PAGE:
Since leaving a university research administration job last May, Kyle Clark has cast an ever-widening net in his search for a new position.

First the 30-year-old sought jobs in technical editing, a skill he honed at the university. Then he leveraged his administrative experience, applying for openings in insurance and project management. Finally, he tossed his hat in the ring for a job posting at a local big-box retailer, only to be told the store wasn’t hiring.

After fruitlessly job hunting in the Portland, Oregon, area, Clark moved in with his parents in Tennessee with no better results. Now he’s heading to Chicago to try his luck in the Windy City.

Why can’t Kyle Clark find a job?

He has submitted applications for approximately 250 jobs, and he hasn’t received a single offer

The tally so far: about 250 applications, 14 positive responses, 12 interviews. No job offers.

“I am losing my mind,” Clark says, noting he has a four-year college degree and seven years of work experience. “I am just burned out. … I just want to be employed. I have skills, I want to work, and that’s what’s frustrating. I want to. Just let me.”

I have heard from so many others that are in the exact same boat.

So something is not adding up.

The rosy picture of the economy that the Biden administration is giving us simply does not match reality at all.

And now we have reached a breaking point.

Last year, the total number of bankruptcy filings in the United States was 18 percent higher than the year before…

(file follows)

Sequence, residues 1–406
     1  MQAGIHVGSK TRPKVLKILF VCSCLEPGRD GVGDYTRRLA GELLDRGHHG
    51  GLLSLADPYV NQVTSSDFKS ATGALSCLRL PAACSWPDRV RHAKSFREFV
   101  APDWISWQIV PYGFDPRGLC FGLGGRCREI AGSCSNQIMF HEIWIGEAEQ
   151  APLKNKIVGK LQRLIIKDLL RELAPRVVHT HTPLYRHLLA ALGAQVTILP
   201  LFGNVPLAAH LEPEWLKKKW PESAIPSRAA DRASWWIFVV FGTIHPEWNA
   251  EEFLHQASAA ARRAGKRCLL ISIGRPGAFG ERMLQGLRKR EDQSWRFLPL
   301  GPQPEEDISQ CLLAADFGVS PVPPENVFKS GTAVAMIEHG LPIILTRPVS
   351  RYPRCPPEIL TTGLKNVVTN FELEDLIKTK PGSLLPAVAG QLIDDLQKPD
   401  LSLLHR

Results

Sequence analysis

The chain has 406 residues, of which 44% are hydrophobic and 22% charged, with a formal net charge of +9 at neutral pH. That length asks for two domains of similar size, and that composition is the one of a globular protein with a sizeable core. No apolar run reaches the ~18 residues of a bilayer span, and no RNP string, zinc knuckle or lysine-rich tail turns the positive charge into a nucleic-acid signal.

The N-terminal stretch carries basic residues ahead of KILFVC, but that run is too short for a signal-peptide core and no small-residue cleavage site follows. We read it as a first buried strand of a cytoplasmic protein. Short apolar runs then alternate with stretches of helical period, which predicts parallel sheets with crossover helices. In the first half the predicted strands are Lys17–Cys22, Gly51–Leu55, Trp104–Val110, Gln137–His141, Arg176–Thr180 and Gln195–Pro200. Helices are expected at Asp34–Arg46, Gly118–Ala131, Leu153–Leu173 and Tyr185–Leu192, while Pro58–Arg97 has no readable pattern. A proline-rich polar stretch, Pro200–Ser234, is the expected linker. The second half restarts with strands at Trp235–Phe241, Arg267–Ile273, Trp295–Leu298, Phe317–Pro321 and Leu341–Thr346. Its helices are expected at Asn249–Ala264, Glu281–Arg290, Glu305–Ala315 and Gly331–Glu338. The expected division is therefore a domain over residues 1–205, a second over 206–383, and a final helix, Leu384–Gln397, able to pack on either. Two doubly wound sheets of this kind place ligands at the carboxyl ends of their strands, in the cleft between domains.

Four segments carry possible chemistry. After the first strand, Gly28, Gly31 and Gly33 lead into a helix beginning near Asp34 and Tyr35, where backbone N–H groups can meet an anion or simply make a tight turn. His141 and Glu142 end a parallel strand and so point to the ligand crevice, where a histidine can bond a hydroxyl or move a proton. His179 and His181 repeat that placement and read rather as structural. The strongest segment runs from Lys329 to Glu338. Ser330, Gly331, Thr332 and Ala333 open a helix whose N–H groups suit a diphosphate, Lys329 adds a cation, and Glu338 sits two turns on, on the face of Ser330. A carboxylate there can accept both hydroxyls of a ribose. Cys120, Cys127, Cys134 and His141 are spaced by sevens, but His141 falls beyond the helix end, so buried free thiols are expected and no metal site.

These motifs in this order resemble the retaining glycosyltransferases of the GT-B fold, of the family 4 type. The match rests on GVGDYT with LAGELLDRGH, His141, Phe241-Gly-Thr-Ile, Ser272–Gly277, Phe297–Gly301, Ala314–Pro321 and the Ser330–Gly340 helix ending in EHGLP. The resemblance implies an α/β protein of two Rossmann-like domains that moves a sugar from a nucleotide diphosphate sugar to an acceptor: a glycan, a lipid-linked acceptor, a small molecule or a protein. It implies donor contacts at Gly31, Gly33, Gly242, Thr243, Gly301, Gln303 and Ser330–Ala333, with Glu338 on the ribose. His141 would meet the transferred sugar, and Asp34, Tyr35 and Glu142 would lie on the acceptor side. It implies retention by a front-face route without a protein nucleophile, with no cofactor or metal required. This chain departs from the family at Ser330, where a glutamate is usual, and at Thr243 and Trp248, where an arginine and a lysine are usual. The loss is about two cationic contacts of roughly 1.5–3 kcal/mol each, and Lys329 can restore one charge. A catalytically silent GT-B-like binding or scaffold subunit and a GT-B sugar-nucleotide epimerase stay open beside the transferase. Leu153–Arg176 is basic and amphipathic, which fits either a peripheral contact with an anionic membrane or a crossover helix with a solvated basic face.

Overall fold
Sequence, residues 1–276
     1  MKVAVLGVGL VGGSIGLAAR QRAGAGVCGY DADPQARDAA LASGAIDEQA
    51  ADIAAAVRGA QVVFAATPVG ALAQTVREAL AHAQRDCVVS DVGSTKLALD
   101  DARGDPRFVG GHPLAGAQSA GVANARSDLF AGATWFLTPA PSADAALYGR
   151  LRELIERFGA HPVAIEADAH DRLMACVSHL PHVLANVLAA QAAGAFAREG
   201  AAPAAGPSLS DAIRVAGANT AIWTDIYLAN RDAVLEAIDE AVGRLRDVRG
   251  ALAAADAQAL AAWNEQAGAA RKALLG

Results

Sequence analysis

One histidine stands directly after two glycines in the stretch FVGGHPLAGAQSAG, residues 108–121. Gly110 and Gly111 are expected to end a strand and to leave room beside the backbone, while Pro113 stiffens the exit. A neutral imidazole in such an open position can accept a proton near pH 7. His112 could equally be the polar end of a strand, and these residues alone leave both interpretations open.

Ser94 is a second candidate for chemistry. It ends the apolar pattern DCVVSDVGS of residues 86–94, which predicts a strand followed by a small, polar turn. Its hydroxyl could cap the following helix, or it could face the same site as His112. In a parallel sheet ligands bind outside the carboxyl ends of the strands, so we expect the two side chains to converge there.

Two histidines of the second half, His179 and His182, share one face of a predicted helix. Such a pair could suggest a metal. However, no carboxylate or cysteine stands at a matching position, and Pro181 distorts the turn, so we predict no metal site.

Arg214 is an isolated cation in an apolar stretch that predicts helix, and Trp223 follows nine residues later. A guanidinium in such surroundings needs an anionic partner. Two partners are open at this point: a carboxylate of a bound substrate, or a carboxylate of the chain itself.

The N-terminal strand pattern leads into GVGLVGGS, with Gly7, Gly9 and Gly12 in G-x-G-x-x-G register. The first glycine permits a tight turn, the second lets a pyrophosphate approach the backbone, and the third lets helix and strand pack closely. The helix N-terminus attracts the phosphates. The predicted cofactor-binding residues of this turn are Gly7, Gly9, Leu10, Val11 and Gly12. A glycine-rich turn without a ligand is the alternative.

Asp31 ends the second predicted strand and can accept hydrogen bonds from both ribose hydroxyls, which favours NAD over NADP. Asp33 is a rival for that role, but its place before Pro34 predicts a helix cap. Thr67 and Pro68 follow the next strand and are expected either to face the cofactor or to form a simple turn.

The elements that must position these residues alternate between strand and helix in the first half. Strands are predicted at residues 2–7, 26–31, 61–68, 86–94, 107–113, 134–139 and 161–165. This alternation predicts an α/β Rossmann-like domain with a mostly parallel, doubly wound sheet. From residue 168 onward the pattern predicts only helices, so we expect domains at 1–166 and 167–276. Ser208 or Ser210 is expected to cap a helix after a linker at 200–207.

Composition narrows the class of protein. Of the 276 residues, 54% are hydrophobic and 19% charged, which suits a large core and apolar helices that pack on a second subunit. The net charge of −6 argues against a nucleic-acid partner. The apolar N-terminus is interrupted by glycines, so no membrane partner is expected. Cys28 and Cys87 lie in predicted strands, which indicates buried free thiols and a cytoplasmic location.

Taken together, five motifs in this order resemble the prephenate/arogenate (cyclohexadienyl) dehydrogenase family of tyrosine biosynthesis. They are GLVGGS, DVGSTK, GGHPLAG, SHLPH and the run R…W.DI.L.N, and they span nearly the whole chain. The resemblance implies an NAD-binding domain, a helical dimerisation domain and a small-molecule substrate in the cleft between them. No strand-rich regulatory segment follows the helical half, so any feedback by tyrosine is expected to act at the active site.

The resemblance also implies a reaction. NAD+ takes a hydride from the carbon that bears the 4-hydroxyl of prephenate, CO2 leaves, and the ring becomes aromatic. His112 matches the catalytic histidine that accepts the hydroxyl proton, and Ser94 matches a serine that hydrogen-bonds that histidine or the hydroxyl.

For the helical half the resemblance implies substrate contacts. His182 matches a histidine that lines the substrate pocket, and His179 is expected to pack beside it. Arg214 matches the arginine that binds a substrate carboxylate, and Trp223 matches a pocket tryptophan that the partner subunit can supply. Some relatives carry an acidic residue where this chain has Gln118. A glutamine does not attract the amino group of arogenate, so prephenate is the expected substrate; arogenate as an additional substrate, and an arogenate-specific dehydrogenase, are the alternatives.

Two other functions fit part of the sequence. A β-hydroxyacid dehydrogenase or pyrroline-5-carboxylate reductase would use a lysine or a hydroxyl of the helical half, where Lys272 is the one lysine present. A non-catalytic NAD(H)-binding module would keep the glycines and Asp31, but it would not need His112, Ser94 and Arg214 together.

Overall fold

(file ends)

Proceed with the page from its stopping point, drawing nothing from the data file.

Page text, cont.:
U.S. bankruptcy filings surged by 18% in 2023 on the back of higher interest rates, tougher lending standards and the continued runoff of pandemic-era backstops, data published Wednesday showed, although insolvency case volumes remain well below the level seen before the outbreak of COVID-19.

Total bankruptcy filings – encompassing commercial and personal insolvencies – rose to 445,186 last year from 378,390 in 2022, according to data from bankruptcy data provider Epiq AACER.

Based on what we are seeing so far this year, I fully expect the final number for 2024 to absolutely crush the final number for 2023.

Meanwhile, it is being reported that corporate bond defaults were up by a whopping 80 percent last year…

Consumers aren’t the only ones defaulting on their debts: Corporate bond defaults were up massively in 2023, especially for high-risk junk debt, and the trend is continuing this year at a pace not seen since the 2008 global financial crisis. Unsurprisingly, companies selling low-rated junk debt are being hit the worst.

Last year, according to S&P Global Ratings, corporate bond defaults increased by a disconcerting 80%. High interest rates coupled with high inflation have made it a struggle for companies to make good on their commitments even as waves of new bond buyers continue to arrive, eager to lock in higher yields before rates go down.

Many have pointed out that corporate bond defaults spiked like this just prior to the financial crisis of 2008 too.

We have entered such dangerous territory, and it appears that things will get even worse throughout the rest of this year.

Our leaders were able to delay the inevitable for a while by flooding the system with trillions upon trillions of dollars.

But now an economic nightmare has arrived anyway, and the days ahead are going to be exceedingly challenging for most U.S. consumers.

Article posted with permission from Michael Snyder

The post US Consumers Have Reached A Breaking Point appeared first on The Washington Standard.